4. Law and legislation
Last update: March, 2020
At present, the Federal Constitution for the Republic of Germany (Grundgesetz – GG) includes one phrase referring to culture and the arts: "The arts and science, research, and teaching shall be free." (Article 5.III GG). According to the interpretation of the Constitutional Court, this clause not only stipulates a right for creative artists to be protected from state interference but also mandates the state to preserve and promote culture and the arts.
This principle was explicitly reaffirmed in Article 35 of the 1990 Unification Treaty. In the past two decades, there have been efforts to insert a more precise "cultural clause" or to include culture among the main goals of the state in the federal constitution. The last of these proposals was issued in 2005 by the Commission of Inquiry set up by the German Parliament entitled “Culture in Germany”. In contrast to the Federal Constitution, the majority of the federal states' (Länder) Constitutions address the arts and culture more specifically – the only exception being the city-state of Hamburg. Three of the federal states (Länder) – Bavaria, Brandenburg and Saxony – include culture among the main goals of the state in clauses such as: "Bavaria is a legal, cultural and social state" (Article 3.I). Similar or identical to the clause in Article 3.III GGof the Federal Constitution, basic protective rights are found in 11 of the federal states' (Länder) Constitutions. Furthermore, provisions regarding authors' rights can also be found in e. g. the constitution of Hessen: "The rights of authors, inventors and artists enjoy the protection of the state." (Article 46)
Most constitutions of the federal states (Länder) include pledges for public support of the arts or cultural development, e. g. in clauses such as: "The Land protects and supports cultural life" (Berlin, Article 20.II). In addition, many of the Constitutions oblige the authorities to foster public involvement in the arts and culture, e. g. "The whole people should be given the opportunity to make use of the cultural goods of life." (Rhineland-Palatinate, Article 40.III)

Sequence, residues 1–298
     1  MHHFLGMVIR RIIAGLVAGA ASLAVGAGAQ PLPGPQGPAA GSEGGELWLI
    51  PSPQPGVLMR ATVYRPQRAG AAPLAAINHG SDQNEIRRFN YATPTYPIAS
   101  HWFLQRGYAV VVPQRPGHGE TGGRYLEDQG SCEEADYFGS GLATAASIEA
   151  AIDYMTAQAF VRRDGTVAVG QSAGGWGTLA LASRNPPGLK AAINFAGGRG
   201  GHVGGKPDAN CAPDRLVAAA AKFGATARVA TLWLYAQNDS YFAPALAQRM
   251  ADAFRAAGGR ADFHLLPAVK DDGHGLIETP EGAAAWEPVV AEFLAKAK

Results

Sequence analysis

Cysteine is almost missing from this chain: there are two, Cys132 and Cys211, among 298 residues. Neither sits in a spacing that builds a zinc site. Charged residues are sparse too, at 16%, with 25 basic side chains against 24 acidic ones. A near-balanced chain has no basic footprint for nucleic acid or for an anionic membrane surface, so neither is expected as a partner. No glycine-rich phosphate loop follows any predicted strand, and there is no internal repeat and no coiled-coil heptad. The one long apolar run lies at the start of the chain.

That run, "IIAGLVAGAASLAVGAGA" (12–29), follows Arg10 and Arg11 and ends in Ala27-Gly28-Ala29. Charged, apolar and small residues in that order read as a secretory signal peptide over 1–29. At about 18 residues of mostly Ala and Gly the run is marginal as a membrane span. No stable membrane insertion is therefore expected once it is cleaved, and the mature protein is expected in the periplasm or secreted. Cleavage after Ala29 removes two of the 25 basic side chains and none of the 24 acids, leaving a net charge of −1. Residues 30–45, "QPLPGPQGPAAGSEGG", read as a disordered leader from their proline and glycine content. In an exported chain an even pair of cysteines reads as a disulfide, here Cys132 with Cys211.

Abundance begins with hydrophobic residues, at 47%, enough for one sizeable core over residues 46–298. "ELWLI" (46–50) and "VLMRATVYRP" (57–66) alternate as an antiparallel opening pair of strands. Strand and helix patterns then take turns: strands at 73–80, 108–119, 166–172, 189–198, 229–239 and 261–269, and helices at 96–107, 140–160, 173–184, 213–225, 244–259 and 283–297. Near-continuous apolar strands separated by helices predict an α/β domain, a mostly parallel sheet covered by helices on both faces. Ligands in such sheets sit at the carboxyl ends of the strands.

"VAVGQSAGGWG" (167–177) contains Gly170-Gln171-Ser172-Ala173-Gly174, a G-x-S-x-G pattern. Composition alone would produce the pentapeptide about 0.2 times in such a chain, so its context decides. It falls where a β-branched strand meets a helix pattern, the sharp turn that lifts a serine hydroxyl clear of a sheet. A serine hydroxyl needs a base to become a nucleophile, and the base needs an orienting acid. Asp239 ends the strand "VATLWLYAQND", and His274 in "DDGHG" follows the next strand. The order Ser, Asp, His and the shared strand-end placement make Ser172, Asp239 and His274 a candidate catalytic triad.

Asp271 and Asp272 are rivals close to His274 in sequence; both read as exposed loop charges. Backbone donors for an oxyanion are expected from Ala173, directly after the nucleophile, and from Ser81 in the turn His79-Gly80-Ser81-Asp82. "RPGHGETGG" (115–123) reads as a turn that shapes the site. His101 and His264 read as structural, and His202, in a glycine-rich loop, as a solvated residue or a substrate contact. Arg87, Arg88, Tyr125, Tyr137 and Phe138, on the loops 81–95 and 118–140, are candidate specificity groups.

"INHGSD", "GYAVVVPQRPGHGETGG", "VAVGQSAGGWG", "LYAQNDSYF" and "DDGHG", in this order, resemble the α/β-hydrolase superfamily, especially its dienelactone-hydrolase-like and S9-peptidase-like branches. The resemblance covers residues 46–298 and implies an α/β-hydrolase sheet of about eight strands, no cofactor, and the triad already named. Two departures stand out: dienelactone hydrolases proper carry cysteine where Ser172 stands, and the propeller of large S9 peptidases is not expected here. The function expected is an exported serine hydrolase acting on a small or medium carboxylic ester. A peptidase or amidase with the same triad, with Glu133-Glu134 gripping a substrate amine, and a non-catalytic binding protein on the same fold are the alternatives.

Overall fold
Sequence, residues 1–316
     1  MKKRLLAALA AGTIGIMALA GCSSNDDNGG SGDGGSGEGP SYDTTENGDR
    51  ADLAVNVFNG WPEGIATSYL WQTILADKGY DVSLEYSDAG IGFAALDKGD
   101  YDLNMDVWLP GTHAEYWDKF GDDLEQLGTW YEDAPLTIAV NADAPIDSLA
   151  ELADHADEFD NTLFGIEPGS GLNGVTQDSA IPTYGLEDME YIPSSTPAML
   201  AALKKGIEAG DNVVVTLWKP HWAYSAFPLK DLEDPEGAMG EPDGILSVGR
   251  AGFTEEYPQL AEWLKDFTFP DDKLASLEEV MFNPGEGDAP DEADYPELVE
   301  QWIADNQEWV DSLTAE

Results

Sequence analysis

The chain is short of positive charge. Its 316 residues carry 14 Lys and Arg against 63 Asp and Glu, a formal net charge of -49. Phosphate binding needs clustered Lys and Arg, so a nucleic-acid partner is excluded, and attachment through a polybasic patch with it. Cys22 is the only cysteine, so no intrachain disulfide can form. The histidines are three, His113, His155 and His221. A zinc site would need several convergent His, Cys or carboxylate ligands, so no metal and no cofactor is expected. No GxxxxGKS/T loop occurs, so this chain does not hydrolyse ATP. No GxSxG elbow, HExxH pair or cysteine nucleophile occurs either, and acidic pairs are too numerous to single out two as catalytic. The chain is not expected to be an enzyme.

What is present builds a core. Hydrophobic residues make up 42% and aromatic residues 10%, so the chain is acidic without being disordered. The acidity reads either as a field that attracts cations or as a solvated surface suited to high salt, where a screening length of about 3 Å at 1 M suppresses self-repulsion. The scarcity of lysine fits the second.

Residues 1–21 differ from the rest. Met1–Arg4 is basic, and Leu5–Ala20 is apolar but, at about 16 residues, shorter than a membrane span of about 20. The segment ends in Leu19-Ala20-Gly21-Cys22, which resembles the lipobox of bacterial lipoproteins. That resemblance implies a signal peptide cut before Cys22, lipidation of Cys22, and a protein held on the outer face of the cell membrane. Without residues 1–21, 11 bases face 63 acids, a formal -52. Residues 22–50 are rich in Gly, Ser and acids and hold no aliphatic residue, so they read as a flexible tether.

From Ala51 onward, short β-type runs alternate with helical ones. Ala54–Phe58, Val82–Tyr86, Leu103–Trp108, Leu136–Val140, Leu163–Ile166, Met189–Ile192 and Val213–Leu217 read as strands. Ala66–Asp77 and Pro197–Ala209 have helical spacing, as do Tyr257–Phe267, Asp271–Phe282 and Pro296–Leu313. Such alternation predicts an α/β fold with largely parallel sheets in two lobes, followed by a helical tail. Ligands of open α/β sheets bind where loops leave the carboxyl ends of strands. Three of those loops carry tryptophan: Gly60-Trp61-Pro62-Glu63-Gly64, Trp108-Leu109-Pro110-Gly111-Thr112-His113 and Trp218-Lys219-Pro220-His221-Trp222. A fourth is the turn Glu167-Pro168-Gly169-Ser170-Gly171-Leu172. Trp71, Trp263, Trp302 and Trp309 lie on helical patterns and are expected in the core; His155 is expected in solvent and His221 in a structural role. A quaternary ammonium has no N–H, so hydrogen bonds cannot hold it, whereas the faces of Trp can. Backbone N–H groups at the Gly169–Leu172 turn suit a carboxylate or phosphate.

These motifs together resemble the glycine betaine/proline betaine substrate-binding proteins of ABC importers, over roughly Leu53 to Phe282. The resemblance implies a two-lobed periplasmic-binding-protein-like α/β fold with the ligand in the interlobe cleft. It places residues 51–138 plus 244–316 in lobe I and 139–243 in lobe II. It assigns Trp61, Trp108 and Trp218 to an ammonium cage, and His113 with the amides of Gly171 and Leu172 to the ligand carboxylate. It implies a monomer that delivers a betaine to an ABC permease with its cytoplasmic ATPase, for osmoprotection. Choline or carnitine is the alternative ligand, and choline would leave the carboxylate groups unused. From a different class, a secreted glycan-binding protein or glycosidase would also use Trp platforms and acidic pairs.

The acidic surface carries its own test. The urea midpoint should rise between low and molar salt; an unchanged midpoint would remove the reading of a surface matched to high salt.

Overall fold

Many federal states' (Länder) constitutions include legal obligations with regard to specific public responsibilities, such as in the field of heritage protection or adult education and some mention the promotion and protection of cultural traditions of ethnic minorities. In a wider context, some clauses propose cultural goals for the educational system, such as in the constitution of Bavaria: "Openness to everything that is just, good and beautiful" (Article 131.II) or Thuringia: "Peace-loving and living together with other cultures and peoples" (Article 22).
In May 2019 the 70th anniversary of the Federal Constitution was celebrated.
Last update: March, 2020
In general, there are no legal provisions governing cultural financing in Germany, which would indicate the specific amount and / or means to distribute public funds. Exceptions are the Act on the Cultural Areas in Saxony (Sächsisches Kulturraumgesetz), which provides for joint funding of cultural endeavours of regional or supra-regional importance by the Land, the counties and the municipalities. As well as a cultural treaty for the federal capital, which defines the funds to be allocated by the Federal Government to cultural institutions and activities in Berlin. With the amendment to Saxony Law in the summer of 2008, the cultural areas were, arranged differently and, most importantly, the time limit on the Act was lifted and endowed with a minimum annual budget of EUR 86,7 million.
Additional commitments can be found in the laws establishing public foundations, such as the Federal Culture Foundation or the Foundation for Prussian Heritage and the Foundation "Classic Weimar", with the latter being governed jointly by federal (Bund) and federal state (Länder) authorities. There are special laws or regulations governing the respective cultural foundations in many of the federal states (Länder). Beyond these exceptions, the funding for cultural institutions and general cultural activities supported by the federal (Bund) and federal state (Länder) authorities is regulated via the annual parliamentary budget appropriations. The same procedures apply for most of the federal states' (Länder) allocations to local cultural institutions and for the cultural budgets of cities and counties.
Last update: March, 2020